The outgoing international high representative for Bosnia-Herzegovina has imposed amendments to Bosnia's Criminal Code that prohibit and punish the denial of genocide, crimes against humanity, and war crimes, drawing an angry reaction from Bosnian Serb leader Milorad Dodik who again called for the dissolution of the Balkan country.
The changes to the country's Criminal Code introduce prison sentences of up to five years for genocide deniers and for any glorification of war criminals, the Office of the High Representative for Bosnia (OHR) said on July 23, hours after the UN Security Council rejected a Russian proposal to scrap the post overseeing the implementation of the 1995 peace agreement that ended the Bosnian War.
The U.S.-brokered Dayton accords ended the 1992-95 war after more than 100,000 people died and established two entities within Bosnia -- a Muslim-Croat federation and the predominantly Serbian Republika Srpska -- held together by joint central institutions.
High representative Valentin Inzko, who has the authority to impose decisions or dismiss officials, explained the move in an open letter saying that “there is no reconciliation without the recognition of crimes and without responsibility.”
In a statement sent to RFE/RL, the U.S. Embassy in Sarajevo welcomed the move saying it would contribute to reconciliation.
“The Law on Amendments to the BiH Criminal Code is the starting point for more concrete talks that should be taken by local actors regarding practical implementation," it said.
The current Bosniak and Croat members of Bosnia’s tripartite presidency, Sefik Dzaferovic and Zeljko Komsic, described the decision as “an act of civilization” that will strengthen peace in the country.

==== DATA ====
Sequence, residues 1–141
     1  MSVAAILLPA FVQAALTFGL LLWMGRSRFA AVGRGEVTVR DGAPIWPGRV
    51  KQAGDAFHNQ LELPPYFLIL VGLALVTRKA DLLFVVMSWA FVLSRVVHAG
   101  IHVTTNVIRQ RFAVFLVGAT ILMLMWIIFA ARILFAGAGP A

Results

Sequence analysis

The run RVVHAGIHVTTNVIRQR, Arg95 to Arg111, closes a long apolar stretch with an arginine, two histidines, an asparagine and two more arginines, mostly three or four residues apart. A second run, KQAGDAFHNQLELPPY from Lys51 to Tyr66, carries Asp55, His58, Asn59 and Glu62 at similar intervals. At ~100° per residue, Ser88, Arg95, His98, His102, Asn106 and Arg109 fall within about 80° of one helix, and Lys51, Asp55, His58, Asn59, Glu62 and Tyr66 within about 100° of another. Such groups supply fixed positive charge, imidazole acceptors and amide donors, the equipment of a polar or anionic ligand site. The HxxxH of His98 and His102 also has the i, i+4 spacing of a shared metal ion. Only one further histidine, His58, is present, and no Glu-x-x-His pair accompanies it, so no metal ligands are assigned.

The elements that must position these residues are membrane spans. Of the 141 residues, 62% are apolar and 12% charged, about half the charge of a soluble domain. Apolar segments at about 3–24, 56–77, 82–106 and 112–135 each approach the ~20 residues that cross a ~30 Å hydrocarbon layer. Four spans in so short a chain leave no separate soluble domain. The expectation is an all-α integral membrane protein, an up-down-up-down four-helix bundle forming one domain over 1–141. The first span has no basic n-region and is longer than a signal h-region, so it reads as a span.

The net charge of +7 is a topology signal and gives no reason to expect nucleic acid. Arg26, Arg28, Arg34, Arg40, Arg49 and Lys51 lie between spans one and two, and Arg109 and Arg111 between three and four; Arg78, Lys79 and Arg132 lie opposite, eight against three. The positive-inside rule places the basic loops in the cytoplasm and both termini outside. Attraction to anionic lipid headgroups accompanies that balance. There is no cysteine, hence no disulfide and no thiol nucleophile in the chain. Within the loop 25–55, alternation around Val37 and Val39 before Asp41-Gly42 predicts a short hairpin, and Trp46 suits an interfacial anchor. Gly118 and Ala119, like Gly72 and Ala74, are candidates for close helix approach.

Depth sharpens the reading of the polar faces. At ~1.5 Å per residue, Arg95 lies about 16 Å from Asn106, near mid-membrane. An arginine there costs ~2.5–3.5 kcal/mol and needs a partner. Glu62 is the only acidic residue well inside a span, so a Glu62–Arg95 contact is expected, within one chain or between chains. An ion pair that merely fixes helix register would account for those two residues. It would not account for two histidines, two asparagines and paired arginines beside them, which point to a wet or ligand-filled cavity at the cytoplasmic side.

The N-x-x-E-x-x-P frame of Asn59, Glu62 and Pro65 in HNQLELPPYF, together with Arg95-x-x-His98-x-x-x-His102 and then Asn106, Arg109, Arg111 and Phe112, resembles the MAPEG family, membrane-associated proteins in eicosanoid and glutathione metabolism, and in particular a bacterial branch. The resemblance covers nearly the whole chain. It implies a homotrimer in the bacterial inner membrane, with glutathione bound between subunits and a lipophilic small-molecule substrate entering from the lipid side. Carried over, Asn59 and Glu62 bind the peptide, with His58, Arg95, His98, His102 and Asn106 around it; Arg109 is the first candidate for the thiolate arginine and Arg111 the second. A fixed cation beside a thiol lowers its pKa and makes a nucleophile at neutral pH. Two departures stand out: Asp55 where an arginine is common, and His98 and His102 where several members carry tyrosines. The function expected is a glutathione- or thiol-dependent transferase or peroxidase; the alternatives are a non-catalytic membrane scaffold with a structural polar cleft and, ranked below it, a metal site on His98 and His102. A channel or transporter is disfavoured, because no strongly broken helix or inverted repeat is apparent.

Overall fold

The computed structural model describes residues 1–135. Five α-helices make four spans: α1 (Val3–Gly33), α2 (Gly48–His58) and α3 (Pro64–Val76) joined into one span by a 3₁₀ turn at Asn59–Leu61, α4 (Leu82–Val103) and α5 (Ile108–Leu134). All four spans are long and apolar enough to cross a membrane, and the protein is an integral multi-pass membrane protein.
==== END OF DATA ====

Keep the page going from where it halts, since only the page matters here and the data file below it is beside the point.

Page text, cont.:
But Dodic, the Serbian member of the presidency, rejected it as “unfounded,” and reiterated his claim that the 1995 Srebrenica genocide in which some 8,000 Muslim men and boys were slaughtered by Bosnian Serb forces “did not take place.”
"Serbs must not accept this decision. This is a nail in the coffin of BiH. After this, Bosnia and Herzegovina cannot function,” he told a press conference, adding that he would propose to convene a session of the National Assembly to discuss a ban on the activities of Bosnia’s judicial institutions.
"[Republika Srpska] should start the process of dissolution, there is no dialogue in BiH," said Dodik, who has long been accused of hate speech aimed at Bosniaks, the glorification of war criminals, and genocide denial. He has also repeatedly criticized the OHR and the West as biased against Bosnian Serbs.
Mirko Sarovic, leader of the Serbian Democratic Party, warned that Inzko’s decision was “unnecessary and a step backwards on the path of BiH's progress and exit from international tutorship.”
Bosnia’s prosecutor's office already announced it would monitor statements by individuals or groups and act in accordance with the new amendments.
In New York, the UN Security Council rejected a draft resolution sponsored by Russia and China that would have immediately stripped the powers given to the high representative in 1997, saying such powers “are no longer required given the progress achieved by the Bosnian parties.”
It would also have eliminated the position entirely in one year.
The text needed nine of the council's 15 votes to pass, but only received two -- from Russia and China -- with the other council members abstaining.
Ahead of the vote, Western diplomats accused Moscow of trying to undermine the Office of the High Representative and Christian Schmidt, the German politician set to take over the position next month. Russia’s Deputy UN Ambassador Dmitry Polyansky accused the high representative of becoming like “a czar.”
Schmidt was appointed as the next high representative in May by the 10-member Steering Board of the Peace Implementation Council, the international body guiding Bosnia’s peace process. Russia, which has long sought the termination of the post, was the only Steering Board member to oppose the appointment.
On August 1, the former German agriculture minister is scheduled to take over from Inzko, who has stepped down after holding the post for more than a decade.